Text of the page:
- Write an essay. Reading over and over can only do so much, so write a practise essay to see what you know. This really helped me get a higher grade in my A-Levels !

To Uni or not to Uni
If you've just done your A-Levels or AS Levels, then you're thinking about what's next for you. Personally I ended up putting off thoughts of uni until I had to apply, and even then I didn't want to go and what felt like the hardest thing to do - saying "I don't want to go to uni" - actually became the easiest and best decision I'd made.
I can't speak for those who chose uni, but I know that for some it's a great experience to meet others, live in a new city and have fun, and for others it's a necessity because who wants a doctor who didn't train in a hospital and has no idea where to stick a needle - no thanks.
The best thing to do is weigh up certain factors - who you are, what you want to do, where you want to be, and why you want to do it.
- If you are like me - not into the drinking heavily and bad diet, plus the lack of creative freedom in some uni courses - then this is a big con. I knew I would hate the pressure and the expectation to do things I didn't want to do.
- If you want to have a career in accounting, medicine, business or law - go to uni. You need a degree for that and to learn everything to be a good person in that industry. If you are doing something more creative (and this is not a stab at those who go to LCF or any creative uni) then I would think more about whether spending £9000 a year on a course is the best thing for your career choice. My experience of looking at uni campuses and hearing about the courses, I found that there was limited creativity and actual photographing, and more essays than anything. I was ready to go on my own personal journey, so units of work were not for me.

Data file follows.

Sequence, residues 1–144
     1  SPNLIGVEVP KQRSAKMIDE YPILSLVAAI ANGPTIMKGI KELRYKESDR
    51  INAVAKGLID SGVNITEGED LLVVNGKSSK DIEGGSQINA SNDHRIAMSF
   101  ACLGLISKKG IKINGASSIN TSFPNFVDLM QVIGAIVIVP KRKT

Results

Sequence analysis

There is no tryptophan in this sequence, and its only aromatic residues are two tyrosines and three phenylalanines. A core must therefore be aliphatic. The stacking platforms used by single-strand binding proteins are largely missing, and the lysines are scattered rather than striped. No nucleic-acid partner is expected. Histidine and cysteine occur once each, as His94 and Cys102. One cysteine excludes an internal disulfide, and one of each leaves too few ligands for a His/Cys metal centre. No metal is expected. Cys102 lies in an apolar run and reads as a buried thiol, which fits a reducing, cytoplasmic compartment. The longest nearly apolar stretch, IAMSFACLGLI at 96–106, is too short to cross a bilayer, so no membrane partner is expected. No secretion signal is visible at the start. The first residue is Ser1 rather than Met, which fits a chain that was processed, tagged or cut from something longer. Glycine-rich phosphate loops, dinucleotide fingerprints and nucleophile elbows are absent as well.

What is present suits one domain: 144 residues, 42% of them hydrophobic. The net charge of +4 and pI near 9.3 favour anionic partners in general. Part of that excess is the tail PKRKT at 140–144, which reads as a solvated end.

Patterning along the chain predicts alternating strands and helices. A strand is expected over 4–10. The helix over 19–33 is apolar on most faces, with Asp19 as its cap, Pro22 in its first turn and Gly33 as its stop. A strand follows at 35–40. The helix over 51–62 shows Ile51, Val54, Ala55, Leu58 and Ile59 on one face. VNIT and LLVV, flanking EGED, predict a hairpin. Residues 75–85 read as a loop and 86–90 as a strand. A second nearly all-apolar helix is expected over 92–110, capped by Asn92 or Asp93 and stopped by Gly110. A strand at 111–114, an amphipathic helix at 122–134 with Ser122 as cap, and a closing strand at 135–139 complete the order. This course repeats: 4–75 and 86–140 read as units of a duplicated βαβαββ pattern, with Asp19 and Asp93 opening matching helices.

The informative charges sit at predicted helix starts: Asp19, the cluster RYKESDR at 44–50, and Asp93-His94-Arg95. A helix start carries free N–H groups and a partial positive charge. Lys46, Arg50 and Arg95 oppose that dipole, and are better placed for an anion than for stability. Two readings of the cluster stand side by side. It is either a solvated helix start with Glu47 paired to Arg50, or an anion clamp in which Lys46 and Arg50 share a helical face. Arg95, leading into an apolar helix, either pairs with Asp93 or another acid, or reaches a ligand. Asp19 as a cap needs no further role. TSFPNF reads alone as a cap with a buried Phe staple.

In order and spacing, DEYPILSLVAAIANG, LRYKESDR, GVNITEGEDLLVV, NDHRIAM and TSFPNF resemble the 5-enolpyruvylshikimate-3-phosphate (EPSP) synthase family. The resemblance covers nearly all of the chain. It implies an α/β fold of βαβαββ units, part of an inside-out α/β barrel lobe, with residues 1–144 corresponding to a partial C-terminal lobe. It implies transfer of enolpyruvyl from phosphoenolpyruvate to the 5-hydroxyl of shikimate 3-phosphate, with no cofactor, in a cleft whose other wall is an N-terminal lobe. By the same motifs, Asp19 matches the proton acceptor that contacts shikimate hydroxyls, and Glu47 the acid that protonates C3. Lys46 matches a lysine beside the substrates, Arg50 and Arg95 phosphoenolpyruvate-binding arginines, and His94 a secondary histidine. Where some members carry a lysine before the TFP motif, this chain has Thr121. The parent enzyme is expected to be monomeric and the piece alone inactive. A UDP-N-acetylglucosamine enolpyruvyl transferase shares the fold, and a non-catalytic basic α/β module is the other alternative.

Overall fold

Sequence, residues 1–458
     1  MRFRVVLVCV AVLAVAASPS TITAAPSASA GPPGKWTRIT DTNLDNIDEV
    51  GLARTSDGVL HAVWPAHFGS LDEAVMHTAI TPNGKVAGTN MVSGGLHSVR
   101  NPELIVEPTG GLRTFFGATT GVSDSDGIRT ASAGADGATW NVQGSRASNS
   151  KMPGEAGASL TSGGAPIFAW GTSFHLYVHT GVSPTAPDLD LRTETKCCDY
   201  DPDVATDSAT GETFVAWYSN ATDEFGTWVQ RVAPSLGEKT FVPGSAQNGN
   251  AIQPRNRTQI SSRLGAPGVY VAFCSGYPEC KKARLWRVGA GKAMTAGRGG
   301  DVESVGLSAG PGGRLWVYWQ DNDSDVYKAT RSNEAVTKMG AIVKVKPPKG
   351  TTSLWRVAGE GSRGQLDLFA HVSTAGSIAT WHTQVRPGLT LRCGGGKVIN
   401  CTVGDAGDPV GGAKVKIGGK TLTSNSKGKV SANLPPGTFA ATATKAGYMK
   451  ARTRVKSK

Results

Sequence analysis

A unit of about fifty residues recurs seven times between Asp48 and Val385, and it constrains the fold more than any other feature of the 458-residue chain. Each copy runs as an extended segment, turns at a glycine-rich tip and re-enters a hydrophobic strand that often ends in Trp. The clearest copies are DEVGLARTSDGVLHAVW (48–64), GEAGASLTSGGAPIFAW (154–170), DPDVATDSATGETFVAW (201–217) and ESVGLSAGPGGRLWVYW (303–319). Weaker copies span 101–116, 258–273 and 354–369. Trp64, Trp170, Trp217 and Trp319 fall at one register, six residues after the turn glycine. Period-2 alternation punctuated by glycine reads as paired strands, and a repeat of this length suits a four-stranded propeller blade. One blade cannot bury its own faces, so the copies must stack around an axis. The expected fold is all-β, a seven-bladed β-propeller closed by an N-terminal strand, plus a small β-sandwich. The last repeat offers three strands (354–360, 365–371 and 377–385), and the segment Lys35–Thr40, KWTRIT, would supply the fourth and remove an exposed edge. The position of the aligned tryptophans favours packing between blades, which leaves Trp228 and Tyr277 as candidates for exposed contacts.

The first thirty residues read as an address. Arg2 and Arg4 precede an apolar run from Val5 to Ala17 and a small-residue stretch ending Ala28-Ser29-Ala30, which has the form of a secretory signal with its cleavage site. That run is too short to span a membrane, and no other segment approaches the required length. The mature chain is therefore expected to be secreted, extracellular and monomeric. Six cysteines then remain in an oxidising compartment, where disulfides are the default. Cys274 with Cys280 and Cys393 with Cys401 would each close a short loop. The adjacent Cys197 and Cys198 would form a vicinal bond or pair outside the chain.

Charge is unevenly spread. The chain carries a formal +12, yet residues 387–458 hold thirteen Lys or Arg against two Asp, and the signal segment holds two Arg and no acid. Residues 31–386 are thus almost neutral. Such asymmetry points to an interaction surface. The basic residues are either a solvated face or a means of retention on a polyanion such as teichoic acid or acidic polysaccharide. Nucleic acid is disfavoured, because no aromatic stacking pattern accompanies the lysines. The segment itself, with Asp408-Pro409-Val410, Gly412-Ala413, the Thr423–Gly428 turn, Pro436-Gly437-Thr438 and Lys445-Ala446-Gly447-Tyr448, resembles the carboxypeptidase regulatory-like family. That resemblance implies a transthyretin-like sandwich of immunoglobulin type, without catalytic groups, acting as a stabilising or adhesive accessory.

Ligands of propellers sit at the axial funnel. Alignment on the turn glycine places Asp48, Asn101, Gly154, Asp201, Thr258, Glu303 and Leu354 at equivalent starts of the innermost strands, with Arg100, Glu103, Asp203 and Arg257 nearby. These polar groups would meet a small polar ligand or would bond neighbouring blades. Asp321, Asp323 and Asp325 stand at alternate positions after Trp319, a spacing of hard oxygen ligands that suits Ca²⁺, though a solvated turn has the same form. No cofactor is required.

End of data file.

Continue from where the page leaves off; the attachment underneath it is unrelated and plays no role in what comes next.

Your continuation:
- Are you ready to leave home yet ? You can always take a year out and work in your local town before deciding what to do. You can then go to a new town and work, using your savings for rent, or use it for uni.
- Don't go to uni because someone else wants you to. You have to go for you. If you have any doubts, you need to sit down and think about the steps you are taking. You can drop out of uni if it doesn't work, but wouldn't you rather make a better decision now ? Like before, if it's easier to take a year out and work and become clearer at the end, then do that.

Losing friends / making new friends